FRANKFORT, Ky. — The Kentucky State Legislature officially went back to work on Tuesday, January 8th. When legislators wrap up their day Friday, January 11th, they’ll begin a recess that’s three weeks long. They’ll head back to Frankfort on February 5th. Then, they’ll wrap up the session for the year on March 29th.

If you think their calendar is weird (and confusing), you’re not alone.

For the record, it’s set by the Kentucky State Constitution (see Sections 36 and 42). We’ll spare you the convoluted and “constitution-y” language, but it boils down to this: 

In even-numbered years, like 2018, the legislature convenes in early January and is in session for a total of 60 days; in odd-numbered years, like 2019, it meets in early January and is in session for a total of 30 days.

Maybe you just did some quick math in your head and realized that adds up to 335 “days off” for the 2019 year. Sounds like a pretty sweet gig, right?

Well, not so fast. We put “days off” in quotes for a reason. 

First of all, it doesn’t take into account special sessions called by the governor, like we saw last month for pension reform. It also doesn’t account for behind the scenes work legislators have to do to craft laws, work on budgets, meet with constituents, and more. Above all that, most state legislators have other jobs on top of their legislative work in Frankfort.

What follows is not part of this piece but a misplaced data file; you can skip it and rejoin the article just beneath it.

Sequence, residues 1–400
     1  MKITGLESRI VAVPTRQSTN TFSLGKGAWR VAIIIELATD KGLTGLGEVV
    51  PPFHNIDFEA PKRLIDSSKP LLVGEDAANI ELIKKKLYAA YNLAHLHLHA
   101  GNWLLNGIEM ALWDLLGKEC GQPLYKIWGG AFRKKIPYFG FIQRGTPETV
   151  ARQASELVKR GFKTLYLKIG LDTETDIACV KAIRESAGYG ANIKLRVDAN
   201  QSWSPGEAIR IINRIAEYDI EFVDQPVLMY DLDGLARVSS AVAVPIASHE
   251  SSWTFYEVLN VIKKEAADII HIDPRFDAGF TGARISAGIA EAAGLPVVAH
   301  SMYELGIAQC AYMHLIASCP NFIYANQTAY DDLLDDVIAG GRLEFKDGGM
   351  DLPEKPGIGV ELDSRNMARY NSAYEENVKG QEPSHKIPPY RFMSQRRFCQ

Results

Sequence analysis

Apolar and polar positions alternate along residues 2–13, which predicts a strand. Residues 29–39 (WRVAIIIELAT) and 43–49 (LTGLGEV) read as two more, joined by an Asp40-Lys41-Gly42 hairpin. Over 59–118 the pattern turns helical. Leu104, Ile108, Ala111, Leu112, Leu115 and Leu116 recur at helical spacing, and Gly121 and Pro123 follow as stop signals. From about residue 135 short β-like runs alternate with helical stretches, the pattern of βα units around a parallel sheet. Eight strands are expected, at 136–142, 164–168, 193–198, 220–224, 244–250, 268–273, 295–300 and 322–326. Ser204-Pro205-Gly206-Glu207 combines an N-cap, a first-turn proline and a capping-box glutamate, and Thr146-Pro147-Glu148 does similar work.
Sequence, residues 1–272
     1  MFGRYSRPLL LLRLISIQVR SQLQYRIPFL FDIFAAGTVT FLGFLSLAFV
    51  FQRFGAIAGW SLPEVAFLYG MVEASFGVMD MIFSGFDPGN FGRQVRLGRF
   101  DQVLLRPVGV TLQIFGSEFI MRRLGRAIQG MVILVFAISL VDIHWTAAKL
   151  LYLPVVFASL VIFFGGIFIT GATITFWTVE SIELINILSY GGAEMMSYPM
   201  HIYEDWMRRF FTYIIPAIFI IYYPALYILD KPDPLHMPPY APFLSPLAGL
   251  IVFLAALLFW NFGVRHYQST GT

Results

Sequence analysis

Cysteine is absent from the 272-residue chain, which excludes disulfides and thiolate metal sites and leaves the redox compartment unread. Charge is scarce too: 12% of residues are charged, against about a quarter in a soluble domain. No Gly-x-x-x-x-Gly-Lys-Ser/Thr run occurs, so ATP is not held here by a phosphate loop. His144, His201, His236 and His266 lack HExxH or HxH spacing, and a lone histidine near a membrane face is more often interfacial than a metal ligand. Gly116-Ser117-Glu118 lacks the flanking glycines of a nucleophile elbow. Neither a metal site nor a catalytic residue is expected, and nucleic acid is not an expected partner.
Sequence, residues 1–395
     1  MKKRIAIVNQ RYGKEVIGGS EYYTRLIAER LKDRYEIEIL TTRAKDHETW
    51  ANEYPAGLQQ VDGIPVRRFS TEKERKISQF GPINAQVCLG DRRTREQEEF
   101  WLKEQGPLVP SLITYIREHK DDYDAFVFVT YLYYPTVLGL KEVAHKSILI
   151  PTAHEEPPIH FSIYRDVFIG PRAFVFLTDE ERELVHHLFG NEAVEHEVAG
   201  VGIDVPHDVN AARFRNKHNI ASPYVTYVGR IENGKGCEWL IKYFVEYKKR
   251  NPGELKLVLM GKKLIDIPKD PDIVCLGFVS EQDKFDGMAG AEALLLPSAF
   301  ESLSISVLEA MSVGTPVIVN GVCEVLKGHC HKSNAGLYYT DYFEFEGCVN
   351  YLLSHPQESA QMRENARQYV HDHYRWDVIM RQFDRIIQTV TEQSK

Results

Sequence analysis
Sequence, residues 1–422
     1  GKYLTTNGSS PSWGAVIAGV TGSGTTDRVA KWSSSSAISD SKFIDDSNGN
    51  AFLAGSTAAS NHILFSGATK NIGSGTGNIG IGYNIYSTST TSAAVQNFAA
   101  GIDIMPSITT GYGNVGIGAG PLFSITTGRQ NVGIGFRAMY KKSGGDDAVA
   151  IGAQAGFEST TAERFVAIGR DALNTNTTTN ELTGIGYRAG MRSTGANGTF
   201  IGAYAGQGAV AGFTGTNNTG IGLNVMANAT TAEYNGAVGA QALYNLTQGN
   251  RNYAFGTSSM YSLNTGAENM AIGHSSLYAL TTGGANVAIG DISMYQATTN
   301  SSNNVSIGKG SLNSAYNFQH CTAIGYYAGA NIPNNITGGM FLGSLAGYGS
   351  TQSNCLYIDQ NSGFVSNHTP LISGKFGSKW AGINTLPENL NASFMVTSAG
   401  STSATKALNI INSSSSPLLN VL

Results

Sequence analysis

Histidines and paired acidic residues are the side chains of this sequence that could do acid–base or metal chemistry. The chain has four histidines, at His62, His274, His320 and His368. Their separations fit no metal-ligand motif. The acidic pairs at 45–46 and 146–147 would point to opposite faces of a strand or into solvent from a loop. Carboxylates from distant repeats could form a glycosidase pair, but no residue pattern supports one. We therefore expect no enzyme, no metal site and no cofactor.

“They have careers, and they receive a per diem expense, so you can’t really make a living just being a member of the legislature,” explained Dr. Dewey Clayton, a professor of political science at the University of Louisville. In his opinion, it’s actually a good thing that legislators have other jobs and aren’t in session all the time because it lets them stay more connected to the community.

RELATED: Kentucky special session ends in adjournment, pension bill not passed

“They stay moored to the people,” Clayton said. “This is not something they’re going to make a living off of necessarily, so it sort of keeps them balanced. I think it sort of keeps them in tune with what the voters in the state are thinking, those in their respective districts are thinking as well. I think it’s a plus.”

FYI—the legislative calendar can change, and it has in the past. Once upon a time, the legislature met only every other year in Kentucky but began meeting every year in the early 1980s. 

The calendar could change again in the future, but only with a constitutional amendment.

Have a question about something? Or think something you’re reading or hearing is weird and convoluted and maybe/possibly/probably inaccurate? Tweet @RobHarrisTV, or send him a message on Facebook. Chances are he doesn’t get it either, but can find someone who does.